Some sample studies include the following and I'm sure you can at least view the summaries via PubMed. Even still, one does need to ensure the conclusions drawn are supported by the data presented. IIRC, the study by Lucia et al was called into question by others listed here and the Luttrell study has certainly been discussed ad nauseum on other forums.

    BANGSBO, J., P. KRUSTRUP, J. GONZALEZ-ALONSO, and B. SALTIN.
    ATP production and efficiency of human skeletal muscle during intense exercise: effect of previous exercise. Am. J. Physiol. Endocrinol. Metab. 280:E956–E964, 2001.

    COYLE, E. F., L. S. SIDOSSIS, J. F. HOROWITZ, and J. D. BELTZ.
    Cycling efficiency is related to the percentage of Type I muscle fibers. Med. Sci. Sports Exerc. 24:782–788, 1992.

    GAESSER, G. A., and G. A. BROOKS.
    Muscular efficiency during steady-rate exercise: effects of speed and work rate. J. Appl. Physiol. 38:1132–1138, 1975.

    HOROWITZ, J. F., L. S. SIDOSSIS, and E. F. COYLE.
    High efficiency of type I fibers improves performance. Int. J. Sports Med. 15:152–157, 1994.

    LUCIA, A., J. HOYOS, M. PEREZ, A. SANTALLA, and J. L. CHICHARRO.
    Inverse relationship between VO2max and economy/efficiency in world-class cyclists. Med. Sci. Sports Exerc. 34:2079 –2084, 2002.

    MOSELEY, L., J. ACHTEN, and A. E. JEUKENDRUP.
    No differences in gross efficiency between subjects with varying aerobic capacities. Med. Sci. Sport Exerc. 33:S87, 2001.

    NICKLEBERRY, B. L., Jr., and G. A. BROOKS.
    No effect of cycling experience on leg cycle ergometer efficiency. Med. Sci. Sports Exerc. 28:1396–1401, 1996.

    BERRY, M. J., J. A. STORSTEEN, and C. M. WOODARD.
    Effects of body mass on exercise efficiency and V˙ O2 during steady-state cycling. Med. Sci. Sports Exerc. 25:1031–1037, 1993.

    Hopker JG, Coleman DA, Wiles JD.
    Differences in efficiency between trained and recreational cyclists.
    Appl Physiol Nutr Metab. 2007 Dec;32(6):1036-42.

    Ostler LM, Betts JA, Gore CJ.
    Gross cycling efficiency is not altered with and without toe-clips.
    J Sports Sci. 2008 Jan 1;26(1):47-55.

    Cannon DT, Kolkhorst FW, Cipriani DJ.
    Effect of pedaling technique on muscle activity and cycling efficiency.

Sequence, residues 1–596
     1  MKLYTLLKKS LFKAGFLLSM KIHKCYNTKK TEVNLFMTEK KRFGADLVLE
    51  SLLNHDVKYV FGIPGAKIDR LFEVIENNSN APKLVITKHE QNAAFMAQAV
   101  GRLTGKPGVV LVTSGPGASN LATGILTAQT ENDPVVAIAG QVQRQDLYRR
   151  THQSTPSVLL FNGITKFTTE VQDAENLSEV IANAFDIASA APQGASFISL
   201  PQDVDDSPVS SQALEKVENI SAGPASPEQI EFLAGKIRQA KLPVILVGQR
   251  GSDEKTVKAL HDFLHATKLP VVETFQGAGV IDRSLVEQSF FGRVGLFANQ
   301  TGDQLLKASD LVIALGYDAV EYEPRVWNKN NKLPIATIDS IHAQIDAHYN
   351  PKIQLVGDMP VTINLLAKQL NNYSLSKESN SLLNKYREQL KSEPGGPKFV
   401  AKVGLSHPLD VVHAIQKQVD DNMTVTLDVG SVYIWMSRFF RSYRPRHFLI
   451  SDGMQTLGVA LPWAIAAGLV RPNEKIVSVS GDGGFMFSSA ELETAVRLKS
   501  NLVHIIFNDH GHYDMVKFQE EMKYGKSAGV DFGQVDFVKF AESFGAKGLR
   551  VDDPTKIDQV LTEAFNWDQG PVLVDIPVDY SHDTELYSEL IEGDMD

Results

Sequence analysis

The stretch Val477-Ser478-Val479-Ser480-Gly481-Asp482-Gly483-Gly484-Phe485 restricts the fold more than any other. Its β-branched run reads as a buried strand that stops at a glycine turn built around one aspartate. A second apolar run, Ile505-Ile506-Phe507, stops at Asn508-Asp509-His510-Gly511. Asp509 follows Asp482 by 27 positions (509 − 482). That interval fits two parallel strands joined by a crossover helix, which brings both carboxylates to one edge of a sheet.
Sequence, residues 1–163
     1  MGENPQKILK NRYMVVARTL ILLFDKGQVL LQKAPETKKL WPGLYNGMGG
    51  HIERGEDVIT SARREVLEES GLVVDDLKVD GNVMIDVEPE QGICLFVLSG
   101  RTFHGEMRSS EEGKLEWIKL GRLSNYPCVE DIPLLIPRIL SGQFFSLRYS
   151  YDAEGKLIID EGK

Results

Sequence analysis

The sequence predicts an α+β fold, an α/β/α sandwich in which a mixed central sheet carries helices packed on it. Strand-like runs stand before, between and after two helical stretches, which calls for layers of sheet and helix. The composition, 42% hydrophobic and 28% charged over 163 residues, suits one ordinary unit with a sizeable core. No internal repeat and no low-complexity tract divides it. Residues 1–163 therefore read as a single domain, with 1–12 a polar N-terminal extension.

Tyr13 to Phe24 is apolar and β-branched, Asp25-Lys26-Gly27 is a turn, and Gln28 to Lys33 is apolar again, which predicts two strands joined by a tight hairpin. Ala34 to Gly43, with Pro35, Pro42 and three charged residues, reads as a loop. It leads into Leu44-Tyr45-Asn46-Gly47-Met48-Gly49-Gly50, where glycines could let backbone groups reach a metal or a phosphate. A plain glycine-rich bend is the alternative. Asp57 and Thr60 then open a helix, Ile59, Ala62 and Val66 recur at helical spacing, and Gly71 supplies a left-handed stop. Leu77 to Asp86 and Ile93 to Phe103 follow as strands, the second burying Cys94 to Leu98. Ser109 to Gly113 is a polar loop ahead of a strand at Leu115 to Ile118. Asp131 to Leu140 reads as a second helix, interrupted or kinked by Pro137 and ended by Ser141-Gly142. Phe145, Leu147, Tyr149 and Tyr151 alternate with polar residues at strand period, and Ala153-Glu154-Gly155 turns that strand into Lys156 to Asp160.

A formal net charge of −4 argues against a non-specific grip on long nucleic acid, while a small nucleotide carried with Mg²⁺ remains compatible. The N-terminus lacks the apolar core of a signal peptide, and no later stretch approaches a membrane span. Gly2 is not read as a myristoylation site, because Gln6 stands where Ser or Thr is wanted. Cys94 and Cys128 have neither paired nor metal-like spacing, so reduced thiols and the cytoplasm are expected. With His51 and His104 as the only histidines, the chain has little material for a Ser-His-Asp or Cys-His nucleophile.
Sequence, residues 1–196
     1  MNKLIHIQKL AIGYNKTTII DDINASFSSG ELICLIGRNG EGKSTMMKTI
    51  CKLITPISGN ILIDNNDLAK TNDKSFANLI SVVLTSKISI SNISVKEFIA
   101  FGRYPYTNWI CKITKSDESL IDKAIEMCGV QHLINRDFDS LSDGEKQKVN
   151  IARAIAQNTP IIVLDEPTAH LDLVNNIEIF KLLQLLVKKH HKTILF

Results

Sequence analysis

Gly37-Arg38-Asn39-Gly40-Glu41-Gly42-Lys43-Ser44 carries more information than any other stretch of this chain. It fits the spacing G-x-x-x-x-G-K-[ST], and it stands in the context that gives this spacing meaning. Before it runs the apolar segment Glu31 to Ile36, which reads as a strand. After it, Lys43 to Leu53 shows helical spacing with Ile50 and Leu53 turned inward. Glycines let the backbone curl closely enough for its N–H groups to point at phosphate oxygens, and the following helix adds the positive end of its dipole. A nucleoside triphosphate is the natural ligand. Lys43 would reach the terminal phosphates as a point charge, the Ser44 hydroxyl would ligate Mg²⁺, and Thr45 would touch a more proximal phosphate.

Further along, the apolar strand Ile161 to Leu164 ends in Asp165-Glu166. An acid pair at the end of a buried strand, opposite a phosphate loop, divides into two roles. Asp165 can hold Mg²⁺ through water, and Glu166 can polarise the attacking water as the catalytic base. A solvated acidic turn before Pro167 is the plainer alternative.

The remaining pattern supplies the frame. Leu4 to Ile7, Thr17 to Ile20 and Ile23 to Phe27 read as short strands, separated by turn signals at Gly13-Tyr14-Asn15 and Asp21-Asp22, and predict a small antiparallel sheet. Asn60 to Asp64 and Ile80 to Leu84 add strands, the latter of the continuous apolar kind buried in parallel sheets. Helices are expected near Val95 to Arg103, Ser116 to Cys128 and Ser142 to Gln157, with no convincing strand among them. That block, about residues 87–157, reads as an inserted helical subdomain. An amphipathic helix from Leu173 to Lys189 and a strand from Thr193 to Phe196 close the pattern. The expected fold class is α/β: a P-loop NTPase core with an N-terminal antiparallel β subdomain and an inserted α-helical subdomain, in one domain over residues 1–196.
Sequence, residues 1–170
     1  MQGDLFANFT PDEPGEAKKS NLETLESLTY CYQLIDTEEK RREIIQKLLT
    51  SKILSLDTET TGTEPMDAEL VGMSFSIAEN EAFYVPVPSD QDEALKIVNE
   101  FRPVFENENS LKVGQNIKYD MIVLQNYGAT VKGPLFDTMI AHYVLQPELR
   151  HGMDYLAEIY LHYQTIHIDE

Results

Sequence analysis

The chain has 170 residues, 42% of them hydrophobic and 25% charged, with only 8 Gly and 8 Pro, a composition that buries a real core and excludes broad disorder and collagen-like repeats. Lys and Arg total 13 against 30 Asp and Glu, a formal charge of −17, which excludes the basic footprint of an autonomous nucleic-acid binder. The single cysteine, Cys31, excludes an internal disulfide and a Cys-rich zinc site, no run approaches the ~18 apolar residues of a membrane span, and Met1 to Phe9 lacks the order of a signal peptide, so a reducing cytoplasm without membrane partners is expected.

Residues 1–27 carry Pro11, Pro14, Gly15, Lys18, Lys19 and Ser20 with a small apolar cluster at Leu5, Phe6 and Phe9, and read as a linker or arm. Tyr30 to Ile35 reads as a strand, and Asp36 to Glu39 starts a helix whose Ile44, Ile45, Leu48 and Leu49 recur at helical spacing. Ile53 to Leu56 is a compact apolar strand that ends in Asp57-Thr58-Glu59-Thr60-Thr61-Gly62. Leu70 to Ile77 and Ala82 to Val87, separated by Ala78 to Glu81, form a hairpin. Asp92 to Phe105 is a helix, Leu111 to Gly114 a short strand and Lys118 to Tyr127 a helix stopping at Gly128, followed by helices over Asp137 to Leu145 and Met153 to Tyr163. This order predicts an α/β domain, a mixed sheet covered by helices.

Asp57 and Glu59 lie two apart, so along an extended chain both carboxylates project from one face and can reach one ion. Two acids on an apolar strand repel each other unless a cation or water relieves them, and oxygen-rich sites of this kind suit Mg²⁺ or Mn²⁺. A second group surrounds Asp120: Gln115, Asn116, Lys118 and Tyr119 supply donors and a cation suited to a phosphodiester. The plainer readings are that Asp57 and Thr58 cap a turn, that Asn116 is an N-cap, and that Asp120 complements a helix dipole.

Eur J Appl Physiol. 2007 Apr;99(6):659-64. Epub 2007 Jan 17.

    Mogensen M, Bagger M, Pedersen PK, Fernström M, Sahlin K.
    Cycling efficiency in humans is related to low UCP3 content and to type I fibres but not to mitochondrial efficiency.
    J Physiol. 2006 Mar 15;571(Pt 3):669-81. Epub 2006 Jan 19.

    Moysi JS, Garcia-Romero JC, Alvero-Cruz JR, Vicente-Rodriguez G, Ara I, Dorado C, Calbet JA.
    Effects of eccentric exercise on cycling efficiency.
    Can J Appl Physiol. 2005 Jun;30(3):259-75.

    Luttrell MD, Potteiger JA.
    Effects of short-term training using powercranks on cardiovascular fitness and cycling efficiency.
    J Strength Cond Res. 2003 Nov;17(4):785-91.

    Hodges AN, Lynn BM, Bula JE, Donaldson MG, Dagenais MO, McKenzie DC.
    Effects of pseudoephedrine on maximal cycling power and submaximal cycling efficiency.
    Med Sci Sports Exerc. 2003 Aug;35(8):1316-9.

    Martin R, Hautier C, Bedu M.
    Abstract
    Effect of age and pedalling rate on cycling efficiency and internal power in humans.
    Eur J Appl Physiol. 2002 Jan;86(3):245-50.

    Gore CJ, Hahn AG, Aughey RJ, Martin DT, Ashenden MJ, Clark SA, Garnham AP, Roberts AD, Slater GJ, McKenna MJ.
    Live high:train low increases muscle buffer capacity and submaximal cycling efficiency.
    Acta Physiol Scand. 2001 Nov;173(3):275-86.

    Moseley L, Jeukendrup AE.
    The reliability of cycling efficiency.
    Med Sci Sports Exerc. 2001 Apr;33(4):621-7.

    Passfield L, Doust JH.
    Changes in cycling efficiency and performance after endurance exercise.
    Med Sci Sports Exerc. 2000 Nov;32(11):1935-41.

    Green HJ, Roy B, Grant S, Hughson R, Burnett M, Otto C, Pipe A, McKenzie D, Johnson M.
    Increases in submaximal cycling efficiency mediated by altitude acclimatization.
    J Appl Physiol. 2000 Sep;89(3):1189-97.

    Chavarren J, Calbet JA.
    Cycling efficiency and pedalling frequency in road cyclists.
    Eur J Appl Physiol Occup Physiol. 1999 Nov-Dec;80(6):555-63.
  • DaveyLDaveyL Posts: 5,167
    Thanks Alex. That's a big reading list :D
    Le Blaireau (1)
Sign In or Register to comment.